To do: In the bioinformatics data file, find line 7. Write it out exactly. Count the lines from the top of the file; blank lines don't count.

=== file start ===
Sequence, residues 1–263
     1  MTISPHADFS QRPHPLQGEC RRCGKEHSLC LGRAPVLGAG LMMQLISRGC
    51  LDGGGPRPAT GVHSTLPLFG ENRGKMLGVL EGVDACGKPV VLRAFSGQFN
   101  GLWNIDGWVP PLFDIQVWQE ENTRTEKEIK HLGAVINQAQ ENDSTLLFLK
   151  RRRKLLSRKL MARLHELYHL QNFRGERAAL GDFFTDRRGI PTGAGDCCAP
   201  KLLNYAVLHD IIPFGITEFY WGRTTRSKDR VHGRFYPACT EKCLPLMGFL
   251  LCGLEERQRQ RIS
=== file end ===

   251  LCGLEERQRQ RIS